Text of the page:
MANOA, OAHU (HawaiiNewsNow) - Honolulu Police officers have stepped up their presence in the Manoa area, incorporating plain clothes officers into routine patrols, after an up tick in reported crimes. According to the Department's spokesperson Michelle Yu, officers are also going door-to-door in the Manoa neighborhood handing out fliers to educate residents about how to report suspicious activity.
Lynn Barbasa's Manoa home has been broken into twice in the past two weeks.
"Manoa is an awesome neighborhood. I love it, except for this," said Barbasa. "We didn't think they'd be bold enough to come back."
The first time it happened, Barbasa got home from work to find her daughter's room had been ransacked.
"They took off the jalousie and the screen and just climbed in through the window," described Barbasa.
The second time, burglars popped the lock on the kitchen door and forced their way in.
"They've taken four laptops, two iPads, jewelry, money," said Barbasa, rattling off a list of the items her family members have discovered are gone.
Barbasa says brazen attempts happened during the day, while no one was home.
"I think the first time they came they kind of looked around before they left to see if there were other things that they could take," said Barbasa.
Barbasa's now considering getting alarms and security cameras installed – two tips she's learned from the local Neighborhood Watch team. The program was started in Manoa several years ago by State Representative Isaac Choy in partnership with the Honolulu Police Department.
"There was a rash of crime about two months ago, where in a period of 10 weeks – we had over 30 crimes reported. And after that meeting, they [HPD] patrolled the area more and the crime decreased, but all of a sudden in the last two weeks, it's picked up again," said Norman Wong, a Manoa Neighborhood Security Watch coordinator.
HPD records indicate there have been 12 burglaries, 54 thefts, 17 car break-ins and 6 car thefts in the past two weeks. That's highly unusual says Wong – and he should know, he's been compiling crime statistics in the area for nearly five years.
According to Wong, burglary, theft and car break-ins are the top three most reported crimes for Manoa. On average, three to four crimes are reported every week. But Wong says there were six crimes reported on just one day last week.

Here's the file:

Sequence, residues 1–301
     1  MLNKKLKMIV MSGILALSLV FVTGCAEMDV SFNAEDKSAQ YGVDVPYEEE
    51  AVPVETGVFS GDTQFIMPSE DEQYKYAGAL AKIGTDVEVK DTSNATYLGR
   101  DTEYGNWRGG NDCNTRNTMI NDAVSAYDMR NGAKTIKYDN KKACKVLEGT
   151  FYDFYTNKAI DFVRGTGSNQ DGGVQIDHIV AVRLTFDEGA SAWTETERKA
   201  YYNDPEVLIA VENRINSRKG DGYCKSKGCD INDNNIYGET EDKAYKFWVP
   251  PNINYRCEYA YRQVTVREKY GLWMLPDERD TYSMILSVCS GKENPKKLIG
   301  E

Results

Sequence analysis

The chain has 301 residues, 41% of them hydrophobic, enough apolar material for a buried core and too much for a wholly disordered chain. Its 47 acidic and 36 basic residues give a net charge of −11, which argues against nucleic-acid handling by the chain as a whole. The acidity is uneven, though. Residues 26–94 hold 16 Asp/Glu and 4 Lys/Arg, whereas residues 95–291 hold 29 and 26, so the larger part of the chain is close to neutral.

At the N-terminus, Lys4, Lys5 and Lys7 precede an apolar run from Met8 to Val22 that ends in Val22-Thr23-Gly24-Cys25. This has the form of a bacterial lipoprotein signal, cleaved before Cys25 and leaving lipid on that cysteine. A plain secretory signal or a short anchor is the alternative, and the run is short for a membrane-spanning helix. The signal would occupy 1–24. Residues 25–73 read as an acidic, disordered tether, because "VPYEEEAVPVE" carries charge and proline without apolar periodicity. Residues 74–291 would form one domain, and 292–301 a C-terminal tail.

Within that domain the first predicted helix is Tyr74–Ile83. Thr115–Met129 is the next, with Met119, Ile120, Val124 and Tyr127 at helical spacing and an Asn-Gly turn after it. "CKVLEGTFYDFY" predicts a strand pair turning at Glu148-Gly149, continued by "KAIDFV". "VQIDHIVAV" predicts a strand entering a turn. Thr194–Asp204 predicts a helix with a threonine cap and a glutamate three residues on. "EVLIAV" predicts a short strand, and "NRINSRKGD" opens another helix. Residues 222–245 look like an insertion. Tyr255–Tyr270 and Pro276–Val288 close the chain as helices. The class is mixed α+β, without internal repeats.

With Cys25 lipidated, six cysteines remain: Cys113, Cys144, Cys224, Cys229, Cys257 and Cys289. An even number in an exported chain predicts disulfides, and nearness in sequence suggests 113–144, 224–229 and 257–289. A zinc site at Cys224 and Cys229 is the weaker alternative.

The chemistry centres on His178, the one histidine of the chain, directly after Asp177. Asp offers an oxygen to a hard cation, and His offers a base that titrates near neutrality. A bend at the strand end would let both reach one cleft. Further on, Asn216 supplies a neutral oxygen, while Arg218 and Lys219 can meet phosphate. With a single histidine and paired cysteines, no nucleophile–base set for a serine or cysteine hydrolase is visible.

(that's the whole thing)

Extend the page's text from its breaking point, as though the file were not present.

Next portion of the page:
"There were six incidents on one day on that one area – Upper Manoa, East Manoa, Oahu Avenue and Kumu Street area," described Wong.
Wong says the best thing you can do to protect your home is introduce yourself to your neighbors—know who's coming and going and what cars they drive. And if you see something suspicious, report it.
"Don't let it happen to you before you become involved," cautioned Wong. "My home got broken into six years ago, they ransacked the whole house. I said, 'Oh boy!' It's an invasion of your privacy," explained Wong.
Wong encourages everyone to join their Neighborhood Security Watch team – and believes criminals are deterred just by knowing folks are keeping a look out.
"I haven't heard of any house being broken in that has these signs," said Wong, pointing to a Neighborhood Security Watch sign. "So I'd like to think it is helping the neighborhood."
Barbasa plans on joining the team. In the meantime, she hopes to get back the camera burglars stole with all her grandson's baby pictures on it.
"From when he was born to now, and I can't get that back because I did back it up on my laptop, but they took that too. So it's just more the sentimental stuff. Other things can be replaced – the bags, the Inno Tab – can be replaced, but the pictures and things like that cannot be replaced," explained Barbasa.
The Manoa Neighborhood Security Watch team meets regularly. Their next meeting is planned for Tuesday, July 16 at 6 p.m. in the Manoa Elementary School cafeteria. FBI Special Agent Bryan Tepper will make a presentation on preventing cyber crime.
If you're interested in joining or starting a neighborhood watch in your area, contact your local HPD substation.